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Do not understand the question: Projectile motion (got correct answers)

  • #1
So I got the correct answers for this question but I don't understand how.
I don't understand the breakdown of the components.
I don't understand where what variables should be.

Homework Statement



A rock is projected at a cliff with initial speed of 42m/s, at 60deg above the horizontal. It strikes A at 5.5s.

Find the height of the cliff (I labeled it as dy but don't know if thats the same thing).
Find the speed before impact at A.
Find the max height reached (H).

The Attempt at a Solution


Attached.
Why is gravity negative?
Why do we find dy instead of H and how did this happen?
Is there no acceleration in the x direction at max height? So a=0? That's the only way it works out.
Why doesn't my first solution for c) work?

I don't understand the concept behind this problem at all.
 

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Answers and Replies

  • #2
Gravity is negative depending on your reference frame. If up is in the positive Y direction then down will be negative.

I'm not sure that I under your second question, so correct me if I don't explain it right but you find "dy" because you plug in 5.5s for your time. You are not given the time it takes for it to reach H but you do know that your velocity in the vertical component will be 0 at the very moment that the object reverses it's vertical direction.

One of the key points of projectile motion is that your horizontal velocity is constant therefore your acceleration is always = 0. (Ignoring drag/etc)
 
  • #3
Gravity is negative depending on your reference frame. If up is in the positive Y direction then down will be negative.

I'm not sure that I under your second question, so correct me if I don't explain it right but you find "dy" because you plug in 5.5s for your time. You are not given the time it takes for it to reach H but you do know that your velocity in the vertical component will be 0 at the very moment that the object reverses it's vertical direction.

One of the key points of projectile motion is that your horizontal velocity is constant therefore your acceleration is always = 0. (Ignoring drag/etc)
I had no idea that a=0 for projectile motion. Thanks for that bit of info.
So you're saying that if I had a time for H, I could plug that in to find H?
I need to rephrase my own question.. :blushing:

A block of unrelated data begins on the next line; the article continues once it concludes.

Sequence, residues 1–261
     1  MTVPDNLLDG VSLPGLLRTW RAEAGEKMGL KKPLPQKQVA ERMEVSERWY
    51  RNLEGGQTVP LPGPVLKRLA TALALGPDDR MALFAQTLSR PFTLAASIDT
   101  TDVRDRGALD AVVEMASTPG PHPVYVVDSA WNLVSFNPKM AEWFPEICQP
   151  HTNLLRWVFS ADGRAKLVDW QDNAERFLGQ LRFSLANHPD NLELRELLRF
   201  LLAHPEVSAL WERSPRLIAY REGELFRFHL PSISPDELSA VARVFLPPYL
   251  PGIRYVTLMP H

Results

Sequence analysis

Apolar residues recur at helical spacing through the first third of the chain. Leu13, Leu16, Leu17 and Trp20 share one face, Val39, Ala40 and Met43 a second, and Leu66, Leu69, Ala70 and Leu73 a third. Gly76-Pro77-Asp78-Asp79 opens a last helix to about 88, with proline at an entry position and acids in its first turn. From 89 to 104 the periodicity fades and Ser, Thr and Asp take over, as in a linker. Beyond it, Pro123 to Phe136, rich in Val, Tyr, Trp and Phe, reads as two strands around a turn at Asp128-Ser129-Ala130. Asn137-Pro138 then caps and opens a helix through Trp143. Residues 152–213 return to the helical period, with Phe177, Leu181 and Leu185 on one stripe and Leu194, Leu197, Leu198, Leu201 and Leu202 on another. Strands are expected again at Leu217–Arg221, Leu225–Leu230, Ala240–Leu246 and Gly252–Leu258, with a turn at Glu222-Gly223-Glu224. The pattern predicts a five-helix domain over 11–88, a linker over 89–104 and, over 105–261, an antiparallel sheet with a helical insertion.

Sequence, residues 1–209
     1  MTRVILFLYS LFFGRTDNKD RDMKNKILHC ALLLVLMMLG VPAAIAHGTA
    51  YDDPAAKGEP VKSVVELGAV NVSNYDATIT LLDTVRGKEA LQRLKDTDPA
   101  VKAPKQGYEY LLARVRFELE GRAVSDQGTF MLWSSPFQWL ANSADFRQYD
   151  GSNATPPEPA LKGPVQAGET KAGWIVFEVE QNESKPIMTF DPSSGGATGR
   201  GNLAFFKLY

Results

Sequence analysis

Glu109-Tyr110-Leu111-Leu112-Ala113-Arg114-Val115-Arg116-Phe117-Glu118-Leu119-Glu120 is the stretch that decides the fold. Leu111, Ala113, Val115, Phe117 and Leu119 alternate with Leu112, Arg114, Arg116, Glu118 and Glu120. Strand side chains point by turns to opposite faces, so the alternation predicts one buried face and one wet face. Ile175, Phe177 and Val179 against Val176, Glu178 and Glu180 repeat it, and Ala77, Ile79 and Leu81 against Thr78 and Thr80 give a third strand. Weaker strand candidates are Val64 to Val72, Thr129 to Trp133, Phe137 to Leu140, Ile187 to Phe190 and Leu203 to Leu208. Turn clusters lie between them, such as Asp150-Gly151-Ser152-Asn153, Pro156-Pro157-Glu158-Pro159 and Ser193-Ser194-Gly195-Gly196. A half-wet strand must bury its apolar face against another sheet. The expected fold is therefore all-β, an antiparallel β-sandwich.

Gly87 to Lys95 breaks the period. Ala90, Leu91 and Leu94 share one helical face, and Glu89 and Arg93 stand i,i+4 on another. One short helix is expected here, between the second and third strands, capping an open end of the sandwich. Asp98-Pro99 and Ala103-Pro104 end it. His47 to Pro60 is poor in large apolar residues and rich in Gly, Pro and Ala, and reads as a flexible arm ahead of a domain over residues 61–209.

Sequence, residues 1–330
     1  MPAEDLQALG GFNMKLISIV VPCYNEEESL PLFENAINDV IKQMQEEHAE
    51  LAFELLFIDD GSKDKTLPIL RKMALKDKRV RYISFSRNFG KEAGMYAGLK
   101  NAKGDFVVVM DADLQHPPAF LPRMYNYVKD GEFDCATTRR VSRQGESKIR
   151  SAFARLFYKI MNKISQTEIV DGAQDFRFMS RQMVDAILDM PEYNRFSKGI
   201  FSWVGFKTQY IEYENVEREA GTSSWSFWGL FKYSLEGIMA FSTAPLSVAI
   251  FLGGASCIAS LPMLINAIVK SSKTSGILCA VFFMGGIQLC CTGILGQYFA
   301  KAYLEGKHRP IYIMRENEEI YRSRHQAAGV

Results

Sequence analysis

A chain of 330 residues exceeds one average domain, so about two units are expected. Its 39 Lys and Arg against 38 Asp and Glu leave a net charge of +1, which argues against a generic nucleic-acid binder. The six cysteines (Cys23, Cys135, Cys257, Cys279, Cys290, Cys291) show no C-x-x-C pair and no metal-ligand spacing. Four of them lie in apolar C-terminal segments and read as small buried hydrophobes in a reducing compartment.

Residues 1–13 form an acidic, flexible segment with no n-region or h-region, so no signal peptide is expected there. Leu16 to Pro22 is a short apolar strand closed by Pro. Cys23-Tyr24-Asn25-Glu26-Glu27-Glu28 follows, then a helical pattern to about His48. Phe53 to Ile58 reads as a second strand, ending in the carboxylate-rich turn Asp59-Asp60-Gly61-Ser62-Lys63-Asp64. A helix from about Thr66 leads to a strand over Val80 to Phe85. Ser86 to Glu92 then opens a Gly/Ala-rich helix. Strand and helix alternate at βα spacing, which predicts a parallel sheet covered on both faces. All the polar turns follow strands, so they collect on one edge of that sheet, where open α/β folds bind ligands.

Why is 42sin60 Viy? Is Viy same as H? Or same as Diy? I wasn't sure what I was finding there. What is Viy anyway?
 
  • #4
SteamKing
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Viy is the component of the initial velocity of the projectile in the y-direction.
 
  • #5
I had no idea that a=0 for projectile motion. Thanks for that bit of info.
So you're saying that if I had a time for H, I could plug that in to find H?
I need to rephrase my own question.. :blushing:

Why is 42sin60 Viy? Is Viy same as H? Or same as Diy? I wasn't sure what I was finding there. What is Viy anyway?
Your acceleration is equal to zero only in the horizontal component.

Your vertical component of acceleration will be gravity.

Exactly, but when you're asked to find the maximum height of a projectile (H), they generally want to see if you understand that your vertical component of velocity will be zero for that sudden moment when it arrives at H.

You are given that your velocity is 42 m/s @ 60 degrees above the horizontal. You need the x and y components of that velocity in order to calculate. You use trigonometry to find the components of your velocity. The sine of 60 degrees multiplied by 42 m/s will give you the Y component of your velocity and the cosine of 60 degrees multiplied by 42 m/s will give you the X component of your velocity.

H and ViY are not the same.

Remember: H is the maximum height that the projectile will reach before it starts being pulled back down and ViY is the Y component of your velocity.
 
  • #6
Your acceleration is equal to zero only in the horizontal component.

Your vertical component of acceleration will be gravity.

Exactly, but when you're asked to find the maximum height of a projectile (H), they generally want to see if you understand that your vertical component of velocity will be zero for that sudden moment when it arrives at H.

You are given that your velocity is 42 m/s @ 60 degrees above the horizontal. You need the x and y components of that velocity in order to calculate. You use trigonometry to find the components of your velocity. The sine of 60 degrees multiplied by 42 m/s will give you the Y component of your velocity and the cosine of 60 degrees multiplied by 42 m/s will give you the X component of your velocity.

H and ViY are not the same.

Remember: H is the maximum height that the projectile will reach before it starts being pulled back down and ViY is the Y component of your velocity.
So Vfy will be zero because the ball briefly stops before it comes down. And Viy is what we initially found for the y component (42sin60). I'm just confused as to why we're not using 42m/s as our Vi instead of the y component. Ughhh :grumpy:
 

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